Why we made the videos
Here’s what Prof. John Wolffe, an academic I worked with, said:
These short videos are designed to replicate on screen the experience of visiting seven of London’s principal religious buildings through the use of 360° technology. Each building is introduced by a leading member of the community associated with it.
Although Christianity has long lost its historic religious monopoly, it remains the largest religious tradition in London, and has indeed seen some resurgence in recent years. Hence three out of the seven buildings are Christian ones. St Paul’s Cathedral represents the Church of England, still the national church with residual ties to the state although actively supported only by a minority of London’s Christians. Westminster Cathedral and Jesus House represent the two numerically largest Christian groups, Roman Catholics and Pentecostals. The latter have grown particularly rapidly since the turn of the millennium.
The other four buildings represent London’s (and the UK’s) four largest religious minorities. The early eighteenth-century Bevis Marks Synagogue is a striking physical reminder that religious diversity has a long history in this country dating back to the readmission of the Jews in 1656. Hindus, Muslims and Sikhs have also had a longstanding presence in London, although major purpose-built places of worship such as the Neasden Temple, the East London Mosque and the Sri Guru Singh Sabha Gurdwara have only appeared in recent decades.
These buildings offer just one approach to the study of religion. They do however enable one to begin to appreciate some comparisons and contrasts between major traditions. To take the study further one needs, among other things, also to be aware of the countless smaller and inconspicuous places of worship to be found all over London and other towns and cities; to look at the rituals and practices taking place both in these buildings and in many other places; to understand the role of sacred texts and images in religious life; and to reflect on the nature and significance of religious experience. We should also balance the rich ‘insider’ perspectives offered in these videos with more detached academic analysis and remember that the rich internal diversity of religious traditions means that other ‘insiders’ might have different perspectives from the speaker in a particular video.
These films therefore serve as a ‘taster’ for a new Open University module, A227 Exploring Religion: Places, Practices, Texts and Experiences which will be offered from autumn 2017, and will pursue all these issues in depth.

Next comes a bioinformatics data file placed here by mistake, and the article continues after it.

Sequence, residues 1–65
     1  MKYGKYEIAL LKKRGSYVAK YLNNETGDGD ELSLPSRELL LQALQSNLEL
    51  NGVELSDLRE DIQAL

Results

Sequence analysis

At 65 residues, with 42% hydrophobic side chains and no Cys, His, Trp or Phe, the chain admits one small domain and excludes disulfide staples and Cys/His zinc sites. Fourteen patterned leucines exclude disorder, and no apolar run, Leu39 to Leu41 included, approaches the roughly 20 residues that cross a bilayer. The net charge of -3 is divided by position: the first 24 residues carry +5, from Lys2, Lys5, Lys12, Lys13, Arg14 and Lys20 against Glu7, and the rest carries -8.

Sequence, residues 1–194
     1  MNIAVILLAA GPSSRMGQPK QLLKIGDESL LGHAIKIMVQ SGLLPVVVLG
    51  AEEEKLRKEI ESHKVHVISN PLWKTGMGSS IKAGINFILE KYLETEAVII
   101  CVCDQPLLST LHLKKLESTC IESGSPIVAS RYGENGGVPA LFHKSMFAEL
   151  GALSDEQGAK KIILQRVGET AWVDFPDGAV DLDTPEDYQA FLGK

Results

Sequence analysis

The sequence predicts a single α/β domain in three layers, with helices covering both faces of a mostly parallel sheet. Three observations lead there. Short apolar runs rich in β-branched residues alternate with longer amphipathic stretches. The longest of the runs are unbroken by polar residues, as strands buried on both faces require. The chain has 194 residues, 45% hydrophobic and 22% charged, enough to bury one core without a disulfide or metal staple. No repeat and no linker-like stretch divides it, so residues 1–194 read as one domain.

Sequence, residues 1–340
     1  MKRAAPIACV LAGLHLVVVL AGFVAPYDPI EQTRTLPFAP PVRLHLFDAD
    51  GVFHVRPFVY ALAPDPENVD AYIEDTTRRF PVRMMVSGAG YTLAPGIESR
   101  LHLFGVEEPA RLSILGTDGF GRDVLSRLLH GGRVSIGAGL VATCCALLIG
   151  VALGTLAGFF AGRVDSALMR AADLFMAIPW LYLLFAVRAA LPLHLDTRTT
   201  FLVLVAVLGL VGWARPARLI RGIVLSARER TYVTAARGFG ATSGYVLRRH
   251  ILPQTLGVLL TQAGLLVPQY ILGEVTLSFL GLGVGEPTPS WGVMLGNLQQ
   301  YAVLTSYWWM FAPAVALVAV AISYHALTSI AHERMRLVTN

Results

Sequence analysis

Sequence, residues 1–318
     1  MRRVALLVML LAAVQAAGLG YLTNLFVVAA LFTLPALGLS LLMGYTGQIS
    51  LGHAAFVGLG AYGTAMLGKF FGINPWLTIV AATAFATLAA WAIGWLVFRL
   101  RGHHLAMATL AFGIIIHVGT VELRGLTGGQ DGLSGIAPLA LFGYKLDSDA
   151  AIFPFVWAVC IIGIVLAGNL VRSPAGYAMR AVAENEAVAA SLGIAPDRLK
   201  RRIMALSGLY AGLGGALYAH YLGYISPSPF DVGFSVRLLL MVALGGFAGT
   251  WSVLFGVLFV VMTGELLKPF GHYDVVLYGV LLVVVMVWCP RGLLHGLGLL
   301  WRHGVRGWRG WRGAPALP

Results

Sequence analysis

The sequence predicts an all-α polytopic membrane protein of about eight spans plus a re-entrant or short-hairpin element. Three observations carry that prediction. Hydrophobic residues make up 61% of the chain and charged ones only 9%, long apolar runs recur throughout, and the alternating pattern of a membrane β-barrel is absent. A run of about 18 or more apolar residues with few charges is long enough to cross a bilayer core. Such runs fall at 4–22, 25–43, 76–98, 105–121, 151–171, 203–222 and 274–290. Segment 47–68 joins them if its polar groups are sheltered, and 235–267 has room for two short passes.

Issues with publishing and embedding
This was a fun project! Despite the hype around 360° videos, there remains several issues with publishing and embedding them on OpenLearn, the OU’s site for free learning:
- The videos display correctly when played on YouTube on desktop machines in Chrome.
- On mobiles and tablets, they work fine in the YouTube app, but not on mobile browsers. They display in their ‘unstitched’ state. Imagine the 360° video as a sphere, then flatten it out. It’s not attractive or useful.
- Even on a desktop, when the YouTube videos are embedded on a site, they usually (but not always) display unstitched.
- Uploading them to Facebook helps! They can be embedded on other sites without any noticeable problems on desktop browsers. Except…
- They don’t play in mobile browsers. The videos don’t even appear.
- Another option is to use Google VR, but there are more bugs and issues for various browser/OS combinations.
- OpenLearn itself isn’t responsively designed, making it harder for mobile users in general. We’re addressing this as part of a relaunch and redesign later this month.
It turns out that making 360° for all users is harder than the platforms would have you believe. There doesn’t seem to be a single way to present the videos to all users across all devices.
I’ve had to include some clunky advisory text on the OU site that some people probably won’t even notice. I’m yet to widely promote the videos on OU accounts until I can find an better way to do this.
Watch the videos
So, the videos below are embedded from Facebook. If you’re using a mobile or tablet, they may not play correctly or display at all. You can try opening the YouTube playlist in the YouTube app.